United States of America
Dr. Wayne Johnson worked at the US Army Aeromechanics Laboratory from 1970 to 1981. He was with NASA from 1981 to 1986, including several years as Assistant Branch Chief. Dr. Johnson founded Johnson Aeronautics in 1986, where he developed rotorcraft software. Since 1998, he has worked at the Aeromechanics Branch of NASA Ames Research Center. Wayne Johnson's tenure at Ames has coincided with the center's elevation as a world leader in rotary wing technology. The software he has written – the Comprehensive Analytical Model of Rotorcraft Aerodynamics and Dynamics (CAMRAD) II and the NASA Design and Analysis of Rotorcraft (NDARC) – have become the principle design tools for rotorcraft worldwide. His research activities have covered a wide range of topics in rotorcraft aeromechanics that include dynamics, aerodynamics, controls, handling qualities, acoustics, computational fluid dynamics, aeroelasticity, data acquisition and analysis, and test techniques associated with helicopter rotor testing in wind tunnels. He led development of dynamics, aerodynamics, performance, whirl flutter stability, and flight stability analysis for tilt-rotor aircraft. He spawned a new area of research by coupling the computational fluid dynamics of rotors with their aeroelastic structural dynamics.
He is a Fellow of the American Institute of Aeronautics and Astronautics (AIAA) and the American Helicopter Society (AHS) and received a U.S. Army Commander’s Award for Civilian Service, NASA Medals for Exceptional Engineering Achievement and Exceptional Technology Achievement, the AHS Grover E. Bell Award, the Ames H. Julian Allen Award, the AIAA Pendray Aerospace Literature Award in 1986 for his magisterial textbook, 1128 pages, “Helicopter Theory” (1980). Dr. Johnson received the 2010 Alexander A. Nikolsky Honorary Lectureship for a distinguished career in vertical flight research – the highest honor awarded by the American Helicopter Society. Dr. Wayne Johnson presented his lecture, “Milestones in Rotorcraft Aeromechanics” during AHS Forum 66 to a packed audience.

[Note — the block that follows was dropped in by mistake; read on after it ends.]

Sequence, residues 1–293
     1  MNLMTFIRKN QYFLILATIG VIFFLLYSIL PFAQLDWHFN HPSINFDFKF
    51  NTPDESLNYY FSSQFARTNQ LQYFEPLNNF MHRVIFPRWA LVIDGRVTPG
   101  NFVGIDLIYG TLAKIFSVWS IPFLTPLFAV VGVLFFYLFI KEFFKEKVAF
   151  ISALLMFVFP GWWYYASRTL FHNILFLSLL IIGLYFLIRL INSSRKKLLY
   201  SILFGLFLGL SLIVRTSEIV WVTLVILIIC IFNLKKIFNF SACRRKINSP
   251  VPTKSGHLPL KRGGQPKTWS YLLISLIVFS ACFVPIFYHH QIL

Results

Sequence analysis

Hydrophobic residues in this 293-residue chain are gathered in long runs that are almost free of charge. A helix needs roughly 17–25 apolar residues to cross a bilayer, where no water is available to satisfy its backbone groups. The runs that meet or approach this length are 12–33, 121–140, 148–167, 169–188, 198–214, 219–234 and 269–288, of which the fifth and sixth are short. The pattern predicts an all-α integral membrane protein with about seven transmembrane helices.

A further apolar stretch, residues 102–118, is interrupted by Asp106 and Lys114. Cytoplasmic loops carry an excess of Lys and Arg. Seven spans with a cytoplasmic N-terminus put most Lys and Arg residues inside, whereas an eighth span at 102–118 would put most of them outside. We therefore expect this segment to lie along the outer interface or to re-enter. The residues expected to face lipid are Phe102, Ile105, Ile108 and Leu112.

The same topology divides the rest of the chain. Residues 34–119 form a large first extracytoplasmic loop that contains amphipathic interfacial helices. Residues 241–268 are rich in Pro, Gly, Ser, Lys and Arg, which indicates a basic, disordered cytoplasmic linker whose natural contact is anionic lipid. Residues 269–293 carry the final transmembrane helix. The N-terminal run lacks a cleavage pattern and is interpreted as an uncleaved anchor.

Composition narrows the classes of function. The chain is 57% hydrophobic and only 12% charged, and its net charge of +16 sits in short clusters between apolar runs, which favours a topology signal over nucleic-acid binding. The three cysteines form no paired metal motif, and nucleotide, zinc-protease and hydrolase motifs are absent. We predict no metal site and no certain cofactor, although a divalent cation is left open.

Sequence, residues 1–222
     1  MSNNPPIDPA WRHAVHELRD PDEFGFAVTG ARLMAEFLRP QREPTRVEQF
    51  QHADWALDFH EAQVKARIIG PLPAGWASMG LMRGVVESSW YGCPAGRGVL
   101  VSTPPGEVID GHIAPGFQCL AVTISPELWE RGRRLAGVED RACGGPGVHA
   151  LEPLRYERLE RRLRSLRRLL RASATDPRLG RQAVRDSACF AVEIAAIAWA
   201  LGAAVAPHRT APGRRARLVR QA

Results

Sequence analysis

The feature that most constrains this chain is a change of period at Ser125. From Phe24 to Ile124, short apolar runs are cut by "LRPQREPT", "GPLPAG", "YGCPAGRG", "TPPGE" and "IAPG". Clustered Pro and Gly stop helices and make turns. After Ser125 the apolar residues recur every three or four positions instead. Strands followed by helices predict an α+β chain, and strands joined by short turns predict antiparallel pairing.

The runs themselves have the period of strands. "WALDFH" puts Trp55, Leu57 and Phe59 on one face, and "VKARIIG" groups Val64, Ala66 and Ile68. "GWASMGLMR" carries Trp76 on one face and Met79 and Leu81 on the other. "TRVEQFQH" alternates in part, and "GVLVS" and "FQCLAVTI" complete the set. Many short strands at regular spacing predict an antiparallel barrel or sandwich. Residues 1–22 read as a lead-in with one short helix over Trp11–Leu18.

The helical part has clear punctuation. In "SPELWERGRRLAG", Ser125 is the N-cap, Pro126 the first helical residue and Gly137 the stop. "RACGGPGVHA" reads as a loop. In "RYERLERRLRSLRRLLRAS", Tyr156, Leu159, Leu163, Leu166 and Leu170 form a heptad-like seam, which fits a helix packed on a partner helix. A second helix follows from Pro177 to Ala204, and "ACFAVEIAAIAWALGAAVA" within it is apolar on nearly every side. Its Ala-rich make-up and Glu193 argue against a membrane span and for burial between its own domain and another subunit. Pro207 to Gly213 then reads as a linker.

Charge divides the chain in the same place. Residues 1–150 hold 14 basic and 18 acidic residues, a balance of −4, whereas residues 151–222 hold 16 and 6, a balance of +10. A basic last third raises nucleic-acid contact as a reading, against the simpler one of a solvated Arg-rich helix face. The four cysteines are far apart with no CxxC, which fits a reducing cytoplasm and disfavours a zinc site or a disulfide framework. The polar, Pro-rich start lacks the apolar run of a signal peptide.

In the image shown Wayne Johnson standing beside his portrait, which depicts him in the National Full-Scale Aerodynamics Complex with an XV15. The XV15 was the precursor to the V22 Osprey and was made possible by Johnson's mathematical models to predict and avoid aeroelastic instability in tilt rotorcraft.
Image credit: NASA Ames/Eric James